41. February 10, – (International) 2010 World Cup cybercrime site set up. A new website is aiming to keep anyone looking for tickets or information about the 2010 World Cup safe from cybercriminals. The site,, has been set up by security firm Symantec to provide data, commentary, safety tips and useful links for football fans following the 2010 World Cup tournament. There have already been a number of security threats relating to the 2010 World Cup spotted and Symantec has already warned that we should expect many more. A senior analyst at Symantec Hosted Services said: “Phishing attacks increased by 66 percent during the Beijing Olympics in 2008. The fact that two undersea communications cables landed on South African shores last July will exacerbate the threat levels; history also shows that malicious activity increases in a country after new bandwidth is made available,” he continued. Source:

42. February 9, Ars Technica – (International) Apple investigating Mac Pro performance and heat issues. Recently, there have been some unusual issues affecting Nehalem-based Mac Pro models, characterized by abnormal performance degradation and CPU power draw when using on-board audio circuitry. Several sources have told Ars Technica that Apple support technicians are now saying the problem is known, and that the issue is being actively investigated by Apple engineers. The problem is most glaringly illustrated by merely playing music using iTunes. Though Activity Monitor will report just 1 to 3 percent CPU load, CPU power draw will increase tenfold and CPU temperatures will hover near the safe limits reported by Intel with little or no fan activity. Users were also able to reliably demonstrate a 20 percent decrease in performance, even with something as simple as plugging in FireWire or USB-based audio interfaces. Users note that the problem can be mitigated by using a PCIe-based audio card instead of on-board audio. So far, the problem has not been repeatable when the same Mac Pro hardware is booted into Windows, suggesting some conflict between Mac OS X and hardware drivers. Source:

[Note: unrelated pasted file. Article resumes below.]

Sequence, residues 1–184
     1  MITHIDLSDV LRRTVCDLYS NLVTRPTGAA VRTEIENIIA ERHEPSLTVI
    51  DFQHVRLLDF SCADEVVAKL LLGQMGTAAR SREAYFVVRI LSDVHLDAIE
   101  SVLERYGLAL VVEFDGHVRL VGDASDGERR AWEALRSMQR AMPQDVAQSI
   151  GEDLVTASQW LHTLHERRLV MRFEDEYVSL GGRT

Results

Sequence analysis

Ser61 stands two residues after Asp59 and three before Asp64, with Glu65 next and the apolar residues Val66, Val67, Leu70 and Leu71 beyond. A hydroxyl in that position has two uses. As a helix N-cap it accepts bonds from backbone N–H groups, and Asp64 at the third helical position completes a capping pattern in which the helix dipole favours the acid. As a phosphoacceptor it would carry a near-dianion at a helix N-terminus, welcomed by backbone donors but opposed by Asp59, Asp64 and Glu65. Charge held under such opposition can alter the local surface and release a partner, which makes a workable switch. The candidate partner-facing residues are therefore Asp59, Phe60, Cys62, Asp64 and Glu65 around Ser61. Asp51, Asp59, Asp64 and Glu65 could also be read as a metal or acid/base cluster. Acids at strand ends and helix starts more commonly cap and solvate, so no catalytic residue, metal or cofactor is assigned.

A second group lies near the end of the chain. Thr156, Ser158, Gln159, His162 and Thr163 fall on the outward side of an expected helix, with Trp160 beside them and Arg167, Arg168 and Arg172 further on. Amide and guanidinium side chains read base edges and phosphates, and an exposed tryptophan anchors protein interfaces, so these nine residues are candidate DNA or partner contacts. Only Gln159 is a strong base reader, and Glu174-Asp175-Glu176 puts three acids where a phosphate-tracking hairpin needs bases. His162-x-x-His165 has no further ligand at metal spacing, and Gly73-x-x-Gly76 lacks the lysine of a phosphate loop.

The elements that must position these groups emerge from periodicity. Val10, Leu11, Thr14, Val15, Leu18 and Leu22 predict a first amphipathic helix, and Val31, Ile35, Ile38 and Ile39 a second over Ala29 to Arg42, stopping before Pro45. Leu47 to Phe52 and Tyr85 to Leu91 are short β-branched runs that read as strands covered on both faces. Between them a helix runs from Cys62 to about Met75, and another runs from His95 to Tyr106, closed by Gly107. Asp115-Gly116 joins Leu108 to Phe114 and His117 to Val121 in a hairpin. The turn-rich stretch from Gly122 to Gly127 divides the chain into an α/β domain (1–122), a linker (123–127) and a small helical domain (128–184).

43. February 9, Associated Press – (International) Summary Box: New attack shows security chip hole. A former U.S. Army computer-security specialist has found a way to break into a type of chip that protects the most important secrets inside many personal computers. The specialist attacked a chip that carries a “Trusted Platform Module” designation, billed as among the industry’s most secure. The attack also works on other chips based on the same design and used in satellite television equipment, video game consoles, and smart phones. Smart and well-funded attackers could steal confidential documents from computers they have stolen, tap text messages and e-mail from lost or stolen mobile phones, and pirate satellite TV signals. The chip’s manufacturer knew this type of attack was possible, but determined it was so tough to pull off that it had limited chance of affecting many users. Source: